Center for Exercise Medicine

The UAB Center for Exercise Medicine is focused on improving the health and well-being of children and adults of all ages through interdisciplinary research, the training of future leaders in science and healthcare, and community education based on clinical research findings. The UCEM interdisciplinary team brings together more than 160 investigators, 32 departments, and 10 schools for a multi-disciplinary approach. UAB is among the first of major academic medical centers to establish such a center. Among its activities, the Center sponsors an annual symposium.  

NIH Common Fund launches physical activity research program

Molecular Transducers of Physical Activity in Humans is the largest targeted NIH investment of funds into the mechanisms of how physical activity improves health and prevents disease. Through the program, investigators at research institutions across the United States will receive $170 million over five years, pending availability of funds. The National Institutes of Health's Common Fund launched this program with the aim to catalogue extensively the biological molecules that are affected by physical activity in people, identify some of the key molecules that underlie the systemic effects of physical activity, and characterize the functions of these key molecules.

Many NExTNet members including Dr. Marcas Bamman, Director of the UAB Center for Exercise Medicine, played key roles in laying the groundwork for this game-changing program. To view the videocast of the NIH workshop on October 30, 2014 click here. To read "Understanding the Cellular and Molecular Mechanisms of Physical Activity-Induced Health Benefits", recently published in the journal Cell Metabolism, click here.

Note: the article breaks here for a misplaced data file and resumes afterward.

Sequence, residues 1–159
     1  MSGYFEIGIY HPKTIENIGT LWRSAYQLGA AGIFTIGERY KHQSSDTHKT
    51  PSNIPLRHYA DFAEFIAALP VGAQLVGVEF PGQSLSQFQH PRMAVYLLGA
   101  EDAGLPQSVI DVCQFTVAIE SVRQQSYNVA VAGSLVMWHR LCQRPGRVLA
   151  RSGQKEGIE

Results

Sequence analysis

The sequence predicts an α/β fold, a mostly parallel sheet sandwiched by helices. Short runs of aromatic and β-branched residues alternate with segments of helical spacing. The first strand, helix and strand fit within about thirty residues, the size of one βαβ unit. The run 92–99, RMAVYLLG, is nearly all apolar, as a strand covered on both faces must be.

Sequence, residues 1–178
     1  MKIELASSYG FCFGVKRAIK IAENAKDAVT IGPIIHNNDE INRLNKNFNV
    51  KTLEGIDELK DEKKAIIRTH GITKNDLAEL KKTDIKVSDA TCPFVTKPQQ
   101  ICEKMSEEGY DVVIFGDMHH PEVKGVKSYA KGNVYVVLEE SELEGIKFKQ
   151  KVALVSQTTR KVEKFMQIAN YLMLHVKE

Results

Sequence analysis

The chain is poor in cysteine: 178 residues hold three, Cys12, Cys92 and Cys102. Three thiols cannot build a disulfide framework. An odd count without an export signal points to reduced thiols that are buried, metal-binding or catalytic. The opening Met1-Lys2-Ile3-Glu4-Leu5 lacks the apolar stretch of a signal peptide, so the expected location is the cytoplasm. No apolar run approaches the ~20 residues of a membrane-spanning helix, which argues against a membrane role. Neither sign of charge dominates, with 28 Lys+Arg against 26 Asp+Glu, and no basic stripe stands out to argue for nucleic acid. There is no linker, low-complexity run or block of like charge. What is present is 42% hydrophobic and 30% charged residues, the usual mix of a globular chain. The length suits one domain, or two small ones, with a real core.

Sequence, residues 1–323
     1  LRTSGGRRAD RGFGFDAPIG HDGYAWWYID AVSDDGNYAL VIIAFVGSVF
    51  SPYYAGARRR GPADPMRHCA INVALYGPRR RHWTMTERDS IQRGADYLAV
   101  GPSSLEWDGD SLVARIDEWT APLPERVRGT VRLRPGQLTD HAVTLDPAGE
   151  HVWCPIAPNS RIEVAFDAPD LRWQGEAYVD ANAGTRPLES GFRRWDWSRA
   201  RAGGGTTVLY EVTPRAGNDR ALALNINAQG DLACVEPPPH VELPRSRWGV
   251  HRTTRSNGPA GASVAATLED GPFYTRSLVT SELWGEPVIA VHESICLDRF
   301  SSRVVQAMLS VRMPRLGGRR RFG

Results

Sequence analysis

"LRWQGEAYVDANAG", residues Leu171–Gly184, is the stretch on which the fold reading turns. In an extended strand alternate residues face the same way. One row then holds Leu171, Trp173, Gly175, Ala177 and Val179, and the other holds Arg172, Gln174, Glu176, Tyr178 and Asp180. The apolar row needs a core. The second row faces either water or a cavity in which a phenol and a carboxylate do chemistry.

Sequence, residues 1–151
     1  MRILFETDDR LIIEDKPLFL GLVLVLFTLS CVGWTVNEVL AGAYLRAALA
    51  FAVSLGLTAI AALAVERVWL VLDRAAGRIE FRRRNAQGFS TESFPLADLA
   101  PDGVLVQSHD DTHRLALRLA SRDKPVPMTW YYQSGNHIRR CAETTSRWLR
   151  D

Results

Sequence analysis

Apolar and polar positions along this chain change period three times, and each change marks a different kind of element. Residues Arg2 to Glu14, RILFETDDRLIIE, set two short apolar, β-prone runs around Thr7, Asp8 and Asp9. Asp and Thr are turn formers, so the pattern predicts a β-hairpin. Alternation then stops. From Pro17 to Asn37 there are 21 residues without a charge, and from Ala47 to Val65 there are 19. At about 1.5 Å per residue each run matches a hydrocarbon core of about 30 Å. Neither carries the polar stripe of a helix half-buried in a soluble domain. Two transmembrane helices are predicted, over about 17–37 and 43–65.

Current Research

Novel Actions of Metformin to Augment Resistance Training Adaptations in Older Adults (aka MASTERS Trial)

The overall goal of the MASTERS trial is to test the central hypothesis that adjuvant metformin may improve the responses to progressive resistance training in the elderly by altering the muscle tissue inflammatory environment, thereby enhancing mechanisms that drive myofiber regrowth and associated improvements in muscle function. For more information on the study or to submit an interest form click below.

MASTERS Trial Team:
PIs: Marcas Bamman, PhD (UAB), Phillip Kern, MD (UK), Charlotte Peterson, PhD (UK)
Co-investigators: Fernando Ovalle, MD (UAB), Samuel T. Windham, MD (UAB)


Overcoming TWEAK Signaling to Restore Muscle and Mobility after Joint Replacement

This randomized clinical trial is designed to test the central hypothesis that progressive resistance training plus adjunctive functional mobility training after THA/TKA will more effectively restore muscle mass and mobility function to healthy standards than usual care and, because individuals with abnormally high muscle TWEAK signaling are predicted to suffer failed muscle recovery and persistent dismobility under usual care, the impact of the intervention will be greatest among these patients.

TWEAK Trial Team
PIs: Marcas Bamman, PhD (UAB), Lou Bridges, MD, PhD (UAB)
Co-investigators: ChiChi Aban, MS, PhD (UAB), C. Scott Bickel, PhD (UAB), K. David Moore, MD (UAB), Samuel T. Windham, MD (UAB), Jasvinder Singh, MD, MPH (UAB)